Add To Favorites
Pigs! Pigs! Pigs! Students select a favorite book (or poem) about pigs. Create a pig-sized poster to highlight the most fascinating points in reading.
Organize students in a meeting area of the classroom such as the reading rug. Pose questions about pigs such as, "What do you know about pigs? How many are born at a time? What do they eat? How big do they get? What do they like to do? Which pigs make good pets? Why do pigs make such interesting main characters in books?" Allow time for discussion.
Read a book or poem about pigs. Ask students to identify the characters or events that were the most captivating. Why would other students enjoy reading this story?
Invite students to create original pig book reports. Begin with a piece of construction paper(perhaps pink). Students outline a pig with Crayola® Erasable Colored Pencils. Cut out your pig with Crayola Scissors.
Students use Crayola Washable Markers to draw their pigs' faces. Draw in the snout, ears, eyes, and mouth.
Ask each student to think about what he would say about his book that would convince others to read it. What was the funniest part? Describe a colorful character. Build curiosity about the plot. Students write ideas on the pig. Use drawings to show characters and the action.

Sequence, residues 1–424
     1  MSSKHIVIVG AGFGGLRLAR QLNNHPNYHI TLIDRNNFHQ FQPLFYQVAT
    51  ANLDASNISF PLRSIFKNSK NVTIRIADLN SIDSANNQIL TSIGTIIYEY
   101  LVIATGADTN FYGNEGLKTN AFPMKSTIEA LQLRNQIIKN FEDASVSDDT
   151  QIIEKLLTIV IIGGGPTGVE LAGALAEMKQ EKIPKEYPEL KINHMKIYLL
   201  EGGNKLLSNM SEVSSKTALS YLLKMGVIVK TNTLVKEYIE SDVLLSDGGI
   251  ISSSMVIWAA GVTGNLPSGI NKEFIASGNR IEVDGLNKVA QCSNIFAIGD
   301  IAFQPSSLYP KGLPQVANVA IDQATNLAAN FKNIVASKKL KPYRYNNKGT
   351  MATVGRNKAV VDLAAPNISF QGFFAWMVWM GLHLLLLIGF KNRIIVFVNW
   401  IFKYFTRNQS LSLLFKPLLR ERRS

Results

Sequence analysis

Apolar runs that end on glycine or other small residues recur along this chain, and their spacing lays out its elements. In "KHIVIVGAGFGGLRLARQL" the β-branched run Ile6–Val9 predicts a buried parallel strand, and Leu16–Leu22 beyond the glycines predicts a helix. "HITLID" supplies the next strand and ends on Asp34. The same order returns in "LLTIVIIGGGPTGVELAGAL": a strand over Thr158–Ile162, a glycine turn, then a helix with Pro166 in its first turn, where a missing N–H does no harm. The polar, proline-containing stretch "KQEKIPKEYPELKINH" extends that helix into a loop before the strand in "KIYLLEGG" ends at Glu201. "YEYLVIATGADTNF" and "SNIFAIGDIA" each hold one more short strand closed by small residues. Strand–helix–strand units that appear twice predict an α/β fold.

Students present their pig-sized book report orally to classmates. Encourage students to create some mystery so others will want to read the book to find out what happened.
People around the world give thanks for their food. Celebrate a harvest of pineapples, pumpkins, or pomegranates-and sho
Add To Favorites
Display the 7 principles of Kwanzaa in a one-of-a-kind accordion window book.
Explore how Lane Smith’s illustrations contribute to the mood created by the words of Jon Scieszka in their book, The Ma
Use Crayola® MiniStampers and Markers to create patterned designs similar to traditional Ashanti Adinkra cloth.
Feed teens’ appetite for popular music with this lesson inspired by songs that reflect the times in which they were writ
Open the golden door of Ellis Island and explore the history of immigration in the United States.
Use ordinary wooden clothespins to create original versions of Guatemalan worry dolls. These minipeople hold important p
How in this media rich era can we use students’ creative energy to develop original songs and visual posters that captur